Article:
Is This Really Saudi Arabia? Kingdom's Latest Music Festival Include Saudi Female Artists

Published December 20th, 2019 - 05:58 GMT

“Can Saudi Arabia Become the Middle East's Live Music Superpower?”: This was a recent headline of one of the biggest Music organizations in the world. Yet we still can’t help but ask: is Saudi Arabia finally becoming more open-minded? Or is this just an attempt to redeem itself after its violations of human rights became known to the world? 

Since the beginning of this year, Saudi Arabia has been putting a massive effort into changing its ultra-conservative image by creating an international festival called Riyadh season.

The events in the festival include concerts, color runs, fashion shows and many more.

Tens of thousands of Saudis have flocked to the biggest electronic music festival in the ultra-conservative kingdom since it began easing decades-old restrictions on entertainment. International artists including DJ Tiesto, Black Coffee, David Guetta Martin Garric and Steve Aoki were among the top acts at the festival.

Translation: “ Everybody is excited.. We are going to have a fantastic weekend.” 

However, in July, American rapper Nicki Minaj pulled out of a concert in Saudi Arabia in what she described as a show of support for women's and gay rights in the kingdom.

DJ Cosmicat, one of the female Saudi artists performing at the event said, "This is the biggest music festival in the region." 

"The whole country is going through a huge change," the DJ said in a statement released by the organizers of the event.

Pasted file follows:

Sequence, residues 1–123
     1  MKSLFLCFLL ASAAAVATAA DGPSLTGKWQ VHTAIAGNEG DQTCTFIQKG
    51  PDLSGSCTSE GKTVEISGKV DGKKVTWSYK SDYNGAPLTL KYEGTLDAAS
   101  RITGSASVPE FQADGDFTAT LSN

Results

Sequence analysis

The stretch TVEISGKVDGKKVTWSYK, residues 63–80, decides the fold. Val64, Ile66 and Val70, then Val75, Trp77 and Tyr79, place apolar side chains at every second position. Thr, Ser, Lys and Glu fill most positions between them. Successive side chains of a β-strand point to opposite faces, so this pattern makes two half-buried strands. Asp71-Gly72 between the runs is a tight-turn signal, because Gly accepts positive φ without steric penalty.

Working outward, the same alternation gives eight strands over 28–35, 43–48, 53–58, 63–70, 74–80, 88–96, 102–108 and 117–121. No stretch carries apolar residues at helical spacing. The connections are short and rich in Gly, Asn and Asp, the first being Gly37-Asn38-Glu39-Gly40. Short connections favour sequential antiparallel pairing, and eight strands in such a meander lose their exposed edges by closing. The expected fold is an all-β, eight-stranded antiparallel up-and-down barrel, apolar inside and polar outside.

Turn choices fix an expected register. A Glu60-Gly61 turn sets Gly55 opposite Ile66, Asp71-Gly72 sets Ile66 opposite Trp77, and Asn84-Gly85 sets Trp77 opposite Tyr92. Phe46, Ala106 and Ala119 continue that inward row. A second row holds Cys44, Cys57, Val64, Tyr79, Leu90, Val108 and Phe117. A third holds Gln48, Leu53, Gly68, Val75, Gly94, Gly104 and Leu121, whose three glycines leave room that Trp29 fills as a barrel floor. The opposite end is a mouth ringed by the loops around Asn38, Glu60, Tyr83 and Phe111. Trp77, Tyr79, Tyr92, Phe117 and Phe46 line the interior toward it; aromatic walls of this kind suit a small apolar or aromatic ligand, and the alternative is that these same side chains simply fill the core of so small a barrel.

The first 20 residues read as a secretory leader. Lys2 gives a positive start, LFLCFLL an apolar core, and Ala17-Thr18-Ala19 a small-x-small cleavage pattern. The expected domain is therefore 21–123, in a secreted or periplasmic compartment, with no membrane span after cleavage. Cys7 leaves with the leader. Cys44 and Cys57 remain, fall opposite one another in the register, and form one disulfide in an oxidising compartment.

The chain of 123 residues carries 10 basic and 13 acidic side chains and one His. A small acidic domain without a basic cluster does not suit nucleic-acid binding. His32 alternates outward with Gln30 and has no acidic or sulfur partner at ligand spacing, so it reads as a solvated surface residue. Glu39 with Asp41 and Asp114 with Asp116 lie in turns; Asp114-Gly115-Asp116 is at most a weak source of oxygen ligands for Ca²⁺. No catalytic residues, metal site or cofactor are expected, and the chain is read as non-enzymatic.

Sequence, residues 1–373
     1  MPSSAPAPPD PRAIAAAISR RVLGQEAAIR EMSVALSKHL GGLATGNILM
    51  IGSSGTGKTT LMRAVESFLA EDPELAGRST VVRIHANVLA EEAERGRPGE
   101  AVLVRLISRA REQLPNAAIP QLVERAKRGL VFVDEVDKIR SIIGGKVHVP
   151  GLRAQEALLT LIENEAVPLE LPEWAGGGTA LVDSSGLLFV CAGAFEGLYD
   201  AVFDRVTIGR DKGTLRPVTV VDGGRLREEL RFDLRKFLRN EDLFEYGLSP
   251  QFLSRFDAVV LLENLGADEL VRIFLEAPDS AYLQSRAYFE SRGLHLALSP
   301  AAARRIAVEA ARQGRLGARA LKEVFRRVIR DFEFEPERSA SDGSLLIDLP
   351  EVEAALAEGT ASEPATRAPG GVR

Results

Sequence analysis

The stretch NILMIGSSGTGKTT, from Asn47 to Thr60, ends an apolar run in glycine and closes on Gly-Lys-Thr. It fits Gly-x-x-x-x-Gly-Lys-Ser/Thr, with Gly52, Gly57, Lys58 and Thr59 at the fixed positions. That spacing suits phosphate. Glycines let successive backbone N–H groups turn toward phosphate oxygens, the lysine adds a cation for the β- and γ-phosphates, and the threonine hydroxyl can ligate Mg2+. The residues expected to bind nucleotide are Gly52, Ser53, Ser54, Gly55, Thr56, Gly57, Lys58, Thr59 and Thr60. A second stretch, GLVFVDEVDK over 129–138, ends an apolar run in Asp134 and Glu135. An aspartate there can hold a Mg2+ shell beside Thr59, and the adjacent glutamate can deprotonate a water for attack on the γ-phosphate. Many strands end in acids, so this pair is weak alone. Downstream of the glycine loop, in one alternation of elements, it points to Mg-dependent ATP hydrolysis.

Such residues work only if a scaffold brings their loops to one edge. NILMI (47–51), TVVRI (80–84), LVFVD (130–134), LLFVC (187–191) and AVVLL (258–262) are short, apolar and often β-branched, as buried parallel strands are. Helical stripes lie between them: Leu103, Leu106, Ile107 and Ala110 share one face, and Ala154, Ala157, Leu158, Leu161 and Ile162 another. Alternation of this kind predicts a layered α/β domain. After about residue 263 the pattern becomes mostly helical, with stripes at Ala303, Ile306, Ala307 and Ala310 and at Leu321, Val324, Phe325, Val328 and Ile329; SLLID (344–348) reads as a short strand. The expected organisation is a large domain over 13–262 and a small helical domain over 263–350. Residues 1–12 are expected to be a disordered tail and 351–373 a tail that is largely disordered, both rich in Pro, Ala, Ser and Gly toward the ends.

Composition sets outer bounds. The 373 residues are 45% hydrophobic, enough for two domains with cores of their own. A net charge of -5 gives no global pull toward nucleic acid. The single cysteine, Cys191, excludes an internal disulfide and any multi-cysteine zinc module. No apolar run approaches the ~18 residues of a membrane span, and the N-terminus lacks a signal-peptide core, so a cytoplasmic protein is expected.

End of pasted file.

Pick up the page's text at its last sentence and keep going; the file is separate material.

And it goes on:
Along with DJ Cosmicat, another Saudi female DJ, Hatoon Idrees, performed at the music festival. 

Females in Saudi Arabia have been under patriarchal oppression for decades, including inability to drive, travel or even leave the house without wearing the compulsory headscarf and abaya until recent reforms that vowed to change that this year. At the music festival, which attracted 130,000 attendees on its first day, women went without the hijab headscarf, which is a compulsory dress in the conservative Muslim country. 

Translation: “These are the vibes we’ve providing at Riyadh’s musical festival. Everyone is ecstatic.” 

In spite of all the recent reforms, the Riyadh season events sparked massive controversy due to “misbehaviors” in the deeply conservative society. And alongside sweeping social developments, the kingdom has carried out a crackdown on dissent. Nearly a dozen women activists were arrested for demanding the right to drive, just weeks before the kingdom lifted the ban on female motorists last year. The kingdom has also faced intense international scrutiny over its human rights record since last year's killing of Saudi journalist Jamal Khashoggi at the country's consulate in Istanbul. 

But it's not easy to know whether Saudi's latest reforms, seemingly relaxed approach is a sign that the Kingdom is finally implementing social change, or if it's all part of a massive propaganda campaign to serve more sinister purposes.

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